Location: ___________________________________ Date: ________________

Select your response to each statement.

1 - strongly disagree 2 - disagree 3 - neutral 4 - agree 5 - strongly agree

(a)

Up to this point, the faculty working group has been a positive experience.

NA

1

2

3

4

5

(b)

I have had the opportunity to express my views regarding the development of this curriculum.

NA

1

2

3

4

5

(c)

Up to this point, I am pleased with the direction the group is heading in the identification of relevant topics and outcomes.

NA

1

2

3

4

5

(d)

Up to this point, I am pleased with the direction the group is heading in the identification of relevant teaching resources.

NA

1

2

3

4

5

(e)

The meetings have been productive.

NA

1

2

3

4

5

I am most pleased with

I still have concerns with

Overall, I have found this faculty working group to be

Wednesday, 05 January 2011 22:52

SharePoint - Introduction

Upon arrival at Ras Al Khaimah Women's College, I was almost immediately enlisted to give SharePoint training. I put together a "How To document intended to give faculty a taste of the main features and leave them with a functioning testing site.


The Site Hierarchy Diagram

Permissions follow the site hierarchy. Sub-sites ca, folders and web parts can inherit permissions. Permissions do not inherit laterally.

Click for larger image

Wednesday, 05 January 2011 22:49

Mobile Learning

One of my projects this year has been to develop a site which can be accessed by mobile phone. Why, you ask? While my students often "forget" to bring their laptops to class, they ALWAYS have their Blackberry, I-phone or Nokia.

Upon completion of my second Master's Degree in 2008, one of my thesis reviewers suggested that my thesis be submitted for consideration to be published. I did so with the help of my thesis tutor, Elizabeth Murphy, and in October 2008, it was published.

Reference:

Leslie, P. (2008, October). Post-Secondary Students’ Purposes for Blogging. The International Review of Research in Open and Distance Learning, 9(3). Retrieved February 8, 2012, from http://www.irrodl.org/index.php/irrodl/article/view/560/1099

 

Wednesday, 05 January 2011 22:44

HD Foundations E-Portfolio

This project was originally designed as part of my M.Ed course work. It ran at DWC for three years.

Click to see the project.

Wednesday, 05 January 2011 22:41

Designs with Tata

 

While at DWC, I won a competition for a Remedial English course I designed with another colleague, Cynthia Ogilvy. I was seconded for one semester to work with Tata, a design company from India. The following Flash panels are just a few examples of the learning objects we produced.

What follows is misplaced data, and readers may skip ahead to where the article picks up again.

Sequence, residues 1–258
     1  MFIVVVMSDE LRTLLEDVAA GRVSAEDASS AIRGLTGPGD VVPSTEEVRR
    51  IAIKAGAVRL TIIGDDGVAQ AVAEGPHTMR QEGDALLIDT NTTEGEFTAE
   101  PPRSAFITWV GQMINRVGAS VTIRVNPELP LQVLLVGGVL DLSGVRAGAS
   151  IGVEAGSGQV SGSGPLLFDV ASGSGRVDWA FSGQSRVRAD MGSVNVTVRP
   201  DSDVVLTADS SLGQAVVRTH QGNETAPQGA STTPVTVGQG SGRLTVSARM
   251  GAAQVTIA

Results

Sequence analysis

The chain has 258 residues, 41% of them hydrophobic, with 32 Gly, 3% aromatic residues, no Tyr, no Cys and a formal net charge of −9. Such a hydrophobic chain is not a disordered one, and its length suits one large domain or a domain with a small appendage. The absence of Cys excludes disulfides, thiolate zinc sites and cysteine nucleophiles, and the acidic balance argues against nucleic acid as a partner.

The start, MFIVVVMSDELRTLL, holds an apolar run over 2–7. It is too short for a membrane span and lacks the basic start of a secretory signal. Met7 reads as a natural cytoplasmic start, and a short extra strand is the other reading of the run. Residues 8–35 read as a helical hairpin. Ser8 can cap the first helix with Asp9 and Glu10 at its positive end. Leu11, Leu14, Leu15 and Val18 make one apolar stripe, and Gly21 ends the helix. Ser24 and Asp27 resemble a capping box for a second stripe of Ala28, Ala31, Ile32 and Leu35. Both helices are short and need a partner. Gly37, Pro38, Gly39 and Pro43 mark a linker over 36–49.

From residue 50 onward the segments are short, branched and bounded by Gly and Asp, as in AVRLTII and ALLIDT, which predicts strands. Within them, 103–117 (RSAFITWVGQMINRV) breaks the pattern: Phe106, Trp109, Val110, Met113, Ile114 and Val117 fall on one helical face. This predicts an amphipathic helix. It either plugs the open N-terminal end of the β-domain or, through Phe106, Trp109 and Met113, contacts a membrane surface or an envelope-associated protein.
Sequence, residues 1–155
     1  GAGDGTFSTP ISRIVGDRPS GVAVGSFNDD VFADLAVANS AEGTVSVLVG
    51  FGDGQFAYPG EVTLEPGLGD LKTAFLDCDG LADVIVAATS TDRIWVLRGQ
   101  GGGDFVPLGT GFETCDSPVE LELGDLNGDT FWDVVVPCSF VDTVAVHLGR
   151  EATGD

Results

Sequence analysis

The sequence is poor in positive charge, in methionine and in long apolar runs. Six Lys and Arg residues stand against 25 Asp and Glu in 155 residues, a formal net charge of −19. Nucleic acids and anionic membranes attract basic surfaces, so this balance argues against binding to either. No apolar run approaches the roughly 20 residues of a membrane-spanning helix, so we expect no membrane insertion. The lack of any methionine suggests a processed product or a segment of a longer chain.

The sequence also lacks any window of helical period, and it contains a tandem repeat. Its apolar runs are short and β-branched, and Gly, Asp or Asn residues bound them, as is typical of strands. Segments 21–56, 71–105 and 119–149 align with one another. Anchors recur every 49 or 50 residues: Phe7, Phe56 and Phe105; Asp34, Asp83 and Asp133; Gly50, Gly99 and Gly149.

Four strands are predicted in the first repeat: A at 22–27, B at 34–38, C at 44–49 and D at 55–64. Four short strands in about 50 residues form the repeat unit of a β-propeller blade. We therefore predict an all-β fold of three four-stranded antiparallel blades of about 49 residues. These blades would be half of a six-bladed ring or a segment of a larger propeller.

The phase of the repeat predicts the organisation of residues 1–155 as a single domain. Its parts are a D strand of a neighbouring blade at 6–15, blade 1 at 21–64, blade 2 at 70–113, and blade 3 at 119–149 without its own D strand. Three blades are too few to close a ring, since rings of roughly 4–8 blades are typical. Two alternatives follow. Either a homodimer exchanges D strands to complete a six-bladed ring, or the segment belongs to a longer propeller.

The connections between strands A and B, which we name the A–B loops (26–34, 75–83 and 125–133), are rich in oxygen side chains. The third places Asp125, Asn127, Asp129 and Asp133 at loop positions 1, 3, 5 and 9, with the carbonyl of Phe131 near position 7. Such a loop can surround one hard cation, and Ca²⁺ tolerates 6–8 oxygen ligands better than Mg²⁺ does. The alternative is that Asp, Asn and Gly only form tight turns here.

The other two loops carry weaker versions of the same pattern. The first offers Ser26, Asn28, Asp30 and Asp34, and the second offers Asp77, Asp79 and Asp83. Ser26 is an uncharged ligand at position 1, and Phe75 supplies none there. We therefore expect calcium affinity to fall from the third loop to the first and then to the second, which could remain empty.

Click here to view Part One of a discussion board topic about Halifax, Canada

Click here to view Part Two

Click here to view a series of activities on Essay Writing

 

 

Wednesday, 05 January 2011 22:36

Ideal Moderator

Ideal moderator and/or course. 
Hi:
As a preamble, I teach in a college of technology and so we are expected to model technology as well as teach it. We are expected to offer our courses on-line as much as possible in a blended fashion. So, I spend a lot of time designing materials for myself and my colleagues. In my ideal course, I would like to see: 
1)     Clear design and layout – This is an essential aspect and one that is often overlooked. There seems to be an attitude with some of my colleagues that it is good enough to “put stuff on the web” and that adding navigation aids is often “fluff”. If the content is good, then what more do we need? Well, students need to be able to find it!
 
2)     Use of multimedia – I think Peter commented that we have the technology, so lets use it. Not everybody can design complex animations and so forth, but it is not much of a stretch to learn FrontPage or Dreamweaver and then learn how to use images, and even some simple video. People might claim they have no time and this may be true, but if we are going to “put stuff on-line”, then make the time to put it on properly and use the tools available to us. We can use screen shots, digital cameras, and worked examples, especially in computer studies.
3)     Discussion board – I have had many “eureka” moments when trying to put my thoughts into words only to discover that I didn’t understand as well as I thought and the discussion board entries have forced me to go back and reread articles and re-examine things that I want to describe or discuss. There is a problem with people making entries just to make an entry so the assessment and the guiding questions have to be very well though out. Students need to be carefully instructed on how to use the discussion board. Subject header like “My comments” are not helpful when there are 30 or 40 entries to sort through. We might not have time to read them all so we need to be able to know what is in the entry.
4)     Feedback – Feedback from students can be just as valuable as feedback from instructors so this is a further argument for proper use of the discussion board. Feedback from instructors needs to be timely and helpful. Even a comment like, “You are on the right track” can be helpful when we are studying and working out in the ether. I feel this even more strongly due to my physical location halfway around the world.
5)     As a student, I need to know the deadlines and the assessments. I also need to know what prerequisite skills I might need to have or develop. This is different from traditional courses where the prerequisites are to have taken another course. In this course, we were warned at the beginning that we would need to use Inspiration or another concept mapping program. This gave us time to learn the software before our assignment was due.